The Canon felt nice when we tried it at the store. At the time my daughter was considering attending SVA which is a Canon shop. The idea was she'd be able to borrow stuff from the school. But when she decided against, I went with Nikon instead for the lens compatibility. Dust was an issue, though not terribly so, but I did have Nikon replace the shutter last month for free, with a 1 week turn around.
04-08-2014, 08:47 AM   #12
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QuoteOriginally posted by BeerBelly Quote
It's got better high ISO noise than Canon
Are you sure about that? I have always heard that 6D handles high iso noise better than nikon
04-08-2014, 09:01 AM   #13
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QuoteOriginally posted by bebopkorsakoff Quote
Are you sure about that? I have always heard that 6D handles high iso noise better than nikon
I think they are pretty close as far as high iso. The 610 gets a sports iso score of 2925 from DXO Mark, while the 6D scores 2340. Not a big advantage for Nikon. The big difference is that at low iso, the D610 has 2 EVs more dynamic range and that is likely to be really visible in real life shooting. At least if you do any landscapes...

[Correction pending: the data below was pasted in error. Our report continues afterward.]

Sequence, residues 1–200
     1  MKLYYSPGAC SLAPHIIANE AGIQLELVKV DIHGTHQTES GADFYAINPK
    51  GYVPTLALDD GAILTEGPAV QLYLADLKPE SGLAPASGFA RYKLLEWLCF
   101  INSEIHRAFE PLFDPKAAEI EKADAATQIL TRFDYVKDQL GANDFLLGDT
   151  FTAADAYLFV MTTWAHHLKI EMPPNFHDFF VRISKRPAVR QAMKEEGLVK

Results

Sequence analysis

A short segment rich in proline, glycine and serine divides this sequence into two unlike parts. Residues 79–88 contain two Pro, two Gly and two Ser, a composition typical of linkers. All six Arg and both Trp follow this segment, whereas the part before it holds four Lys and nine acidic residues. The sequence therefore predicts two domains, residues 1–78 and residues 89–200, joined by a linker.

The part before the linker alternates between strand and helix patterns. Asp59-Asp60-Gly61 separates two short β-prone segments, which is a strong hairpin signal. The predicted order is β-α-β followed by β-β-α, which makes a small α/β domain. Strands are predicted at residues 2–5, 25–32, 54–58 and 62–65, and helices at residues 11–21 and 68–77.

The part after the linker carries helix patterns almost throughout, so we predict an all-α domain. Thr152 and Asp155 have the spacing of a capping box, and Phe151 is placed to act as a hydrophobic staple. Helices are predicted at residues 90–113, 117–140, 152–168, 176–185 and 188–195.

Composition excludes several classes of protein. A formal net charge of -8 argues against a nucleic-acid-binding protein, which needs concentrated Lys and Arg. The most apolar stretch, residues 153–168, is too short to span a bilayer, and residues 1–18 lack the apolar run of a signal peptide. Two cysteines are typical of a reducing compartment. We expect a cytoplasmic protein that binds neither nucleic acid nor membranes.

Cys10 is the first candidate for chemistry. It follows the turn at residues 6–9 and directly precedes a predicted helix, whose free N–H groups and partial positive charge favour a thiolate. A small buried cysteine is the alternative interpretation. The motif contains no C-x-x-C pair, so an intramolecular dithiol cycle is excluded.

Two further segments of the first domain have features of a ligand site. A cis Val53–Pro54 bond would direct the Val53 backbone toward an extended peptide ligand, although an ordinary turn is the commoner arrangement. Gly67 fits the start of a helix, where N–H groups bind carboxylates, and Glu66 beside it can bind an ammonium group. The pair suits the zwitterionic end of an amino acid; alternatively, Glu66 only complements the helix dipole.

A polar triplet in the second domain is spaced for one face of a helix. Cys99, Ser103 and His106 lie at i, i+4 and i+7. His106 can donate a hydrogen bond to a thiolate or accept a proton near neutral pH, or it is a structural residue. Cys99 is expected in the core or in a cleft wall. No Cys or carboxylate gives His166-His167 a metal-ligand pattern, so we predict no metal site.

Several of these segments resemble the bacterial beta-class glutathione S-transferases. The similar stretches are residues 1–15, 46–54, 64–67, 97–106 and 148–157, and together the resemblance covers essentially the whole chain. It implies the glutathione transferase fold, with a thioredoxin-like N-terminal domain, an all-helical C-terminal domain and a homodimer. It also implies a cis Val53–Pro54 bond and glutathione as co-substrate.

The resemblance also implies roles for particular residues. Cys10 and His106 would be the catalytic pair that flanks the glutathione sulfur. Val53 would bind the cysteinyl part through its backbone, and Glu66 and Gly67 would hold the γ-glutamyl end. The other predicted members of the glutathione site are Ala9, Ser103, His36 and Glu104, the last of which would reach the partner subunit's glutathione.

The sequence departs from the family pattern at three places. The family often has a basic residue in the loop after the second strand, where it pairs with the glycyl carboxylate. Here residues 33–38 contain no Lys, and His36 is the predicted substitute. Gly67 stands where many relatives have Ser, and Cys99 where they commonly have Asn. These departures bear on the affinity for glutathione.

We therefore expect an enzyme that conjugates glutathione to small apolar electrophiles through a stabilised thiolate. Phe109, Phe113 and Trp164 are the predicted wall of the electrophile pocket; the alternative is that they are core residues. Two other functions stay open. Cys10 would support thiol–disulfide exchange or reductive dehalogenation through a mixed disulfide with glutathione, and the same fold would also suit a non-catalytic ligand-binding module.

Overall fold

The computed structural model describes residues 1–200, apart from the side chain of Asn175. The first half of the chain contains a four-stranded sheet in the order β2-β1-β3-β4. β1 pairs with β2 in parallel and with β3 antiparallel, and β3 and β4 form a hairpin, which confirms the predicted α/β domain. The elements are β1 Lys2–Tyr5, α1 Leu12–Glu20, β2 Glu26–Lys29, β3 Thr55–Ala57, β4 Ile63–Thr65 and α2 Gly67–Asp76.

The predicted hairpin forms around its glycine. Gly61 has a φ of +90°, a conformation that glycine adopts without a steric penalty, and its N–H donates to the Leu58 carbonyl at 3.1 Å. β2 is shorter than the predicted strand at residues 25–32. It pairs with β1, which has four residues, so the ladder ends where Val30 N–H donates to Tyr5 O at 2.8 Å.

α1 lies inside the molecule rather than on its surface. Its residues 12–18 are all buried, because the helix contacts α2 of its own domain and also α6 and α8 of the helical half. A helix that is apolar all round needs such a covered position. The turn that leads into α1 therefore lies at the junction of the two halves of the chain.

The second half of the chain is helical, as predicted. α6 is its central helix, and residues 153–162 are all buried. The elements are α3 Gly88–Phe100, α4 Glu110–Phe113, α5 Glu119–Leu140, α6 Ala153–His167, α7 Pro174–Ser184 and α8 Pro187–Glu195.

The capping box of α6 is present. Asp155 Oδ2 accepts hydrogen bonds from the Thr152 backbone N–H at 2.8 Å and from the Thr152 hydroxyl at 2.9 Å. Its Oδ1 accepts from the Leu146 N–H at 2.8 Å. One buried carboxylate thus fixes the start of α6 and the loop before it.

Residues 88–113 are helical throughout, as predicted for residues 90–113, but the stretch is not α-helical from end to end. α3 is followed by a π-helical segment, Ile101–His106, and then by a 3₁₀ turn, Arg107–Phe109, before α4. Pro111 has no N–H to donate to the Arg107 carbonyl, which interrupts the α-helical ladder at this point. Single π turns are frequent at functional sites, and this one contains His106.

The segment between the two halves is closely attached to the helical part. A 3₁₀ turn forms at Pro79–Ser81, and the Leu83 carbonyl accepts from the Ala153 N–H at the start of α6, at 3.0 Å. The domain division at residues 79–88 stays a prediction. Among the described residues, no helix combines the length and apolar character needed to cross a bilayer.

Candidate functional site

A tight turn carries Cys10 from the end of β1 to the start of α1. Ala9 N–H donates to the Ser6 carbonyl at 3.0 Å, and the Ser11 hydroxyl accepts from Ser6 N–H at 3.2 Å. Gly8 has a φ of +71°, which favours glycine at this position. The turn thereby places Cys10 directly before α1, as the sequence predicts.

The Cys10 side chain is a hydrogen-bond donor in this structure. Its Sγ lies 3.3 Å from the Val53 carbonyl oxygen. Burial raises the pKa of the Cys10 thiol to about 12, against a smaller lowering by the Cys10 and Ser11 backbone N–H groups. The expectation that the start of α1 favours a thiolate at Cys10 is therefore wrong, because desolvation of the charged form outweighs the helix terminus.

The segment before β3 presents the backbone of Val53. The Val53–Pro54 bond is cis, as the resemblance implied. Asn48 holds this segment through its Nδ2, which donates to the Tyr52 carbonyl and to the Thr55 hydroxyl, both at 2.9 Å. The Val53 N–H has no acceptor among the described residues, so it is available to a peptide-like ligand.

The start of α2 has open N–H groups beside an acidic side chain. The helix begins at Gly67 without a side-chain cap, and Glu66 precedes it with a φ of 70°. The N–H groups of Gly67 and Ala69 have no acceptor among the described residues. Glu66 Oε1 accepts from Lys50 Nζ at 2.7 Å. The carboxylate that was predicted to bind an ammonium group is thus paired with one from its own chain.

04-08-2014, 11:02 AM   #14
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From my comparisons they're about half a stop apart in high ISO. The advantage going to Nikon. It just feels more of a camera to me....

04-08-2014, 11:38 AM   #15
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You should compare systems and not single cameras. Canon has lens mount that it is years ahead of Nikon. Today Nikon cameras are ahead of Canon in dinamic range but that could change very quickly, lens mount of Nikon has a lot of limitations (mechanical aperture).